An ode to the Economist Obituary Section

Where you might find lots of fascinating characters, full of pioneering spirt

I recently moved back to my hometown and had to change the address on my few subscriptions. Since high school, I've subscribed to the Economist. My interest in and affinity for the magazine has ebbed and flowed over the years though I've enjoyed having that stable reference point in navigating our increasingly weird times. The magazine includes an obituary section, something that even many long time readers may not know. I was turned onto the obituary by a recommendation from David Brooks and since then have found it my favorite section of the magazine. It's hard to exaggerate how underrated this section truly is.

Where else might you a wonderfully vivid rendering of the life of an SAS operative fighting the Nazi's in North Africa?[1]

For five days he had been trudging on foot through 100 miles of Tunisian desert. The sas group he was with had been caught by the Germans, but he and two others had dropped into gullies and, by nightfall, got clear away. Knowing the lie of the land, and reading the stars, he led them through mountains and between salt lakes until they reached an area controlled by the Free French. A few dates were their only food, and their water a trickle tied in a goatskin. Now his hair was bleached and wild, his exposed skin blistered and his feet in tatters. But, as usual, he had steered his colleagues to safety.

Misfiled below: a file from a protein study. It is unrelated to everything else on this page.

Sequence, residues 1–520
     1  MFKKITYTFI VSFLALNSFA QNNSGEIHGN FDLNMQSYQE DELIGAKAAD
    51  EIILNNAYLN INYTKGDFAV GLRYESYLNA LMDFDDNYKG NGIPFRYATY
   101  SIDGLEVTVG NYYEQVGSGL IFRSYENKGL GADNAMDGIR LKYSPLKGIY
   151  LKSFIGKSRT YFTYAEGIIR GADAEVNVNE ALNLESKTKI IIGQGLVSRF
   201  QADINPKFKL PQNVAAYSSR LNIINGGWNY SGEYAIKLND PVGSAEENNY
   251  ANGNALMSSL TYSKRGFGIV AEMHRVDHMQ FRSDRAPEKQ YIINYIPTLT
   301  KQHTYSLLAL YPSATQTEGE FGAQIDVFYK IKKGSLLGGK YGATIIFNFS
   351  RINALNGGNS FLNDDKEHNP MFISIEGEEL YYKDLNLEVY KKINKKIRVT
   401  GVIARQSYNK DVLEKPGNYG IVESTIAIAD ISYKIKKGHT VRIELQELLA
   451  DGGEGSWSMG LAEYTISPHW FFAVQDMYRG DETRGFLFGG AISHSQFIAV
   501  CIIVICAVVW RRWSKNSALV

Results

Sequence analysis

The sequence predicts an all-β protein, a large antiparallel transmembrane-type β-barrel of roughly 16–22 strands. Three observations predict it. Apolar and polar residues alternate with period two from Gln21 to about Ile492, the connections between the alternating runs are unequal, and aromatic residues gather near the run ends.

Many of the figures chronicled in the Economist's obits are the type of humans who belong in Steve Jobs' famous Apple Commercial Here's to the Crazy Ones, special people who stand six sigma away from the norm of human experience. They are not all heroic or conform to Great (Wo)Man type notions. Some are more much more humble everyday folks who quietly do the impossible and the amazing, like the Canadian-Israeli peace activist killed during the horrific October 7th attack.

Ann Wroe has been writing the obituary section for over two decades, a streak of excellence for which I am incredibly grateful. If you have not been reading the Economist's obituary's, I highly recommend you check them out!

[1] (The Obituary's subtitle Wind, Sand, and Stars is a [presumed] allusion to Antoine de Saint Exupery's book of that name, an awe inspiring work that touches on aerial exploration of the Sahara and a kindred spirit.)

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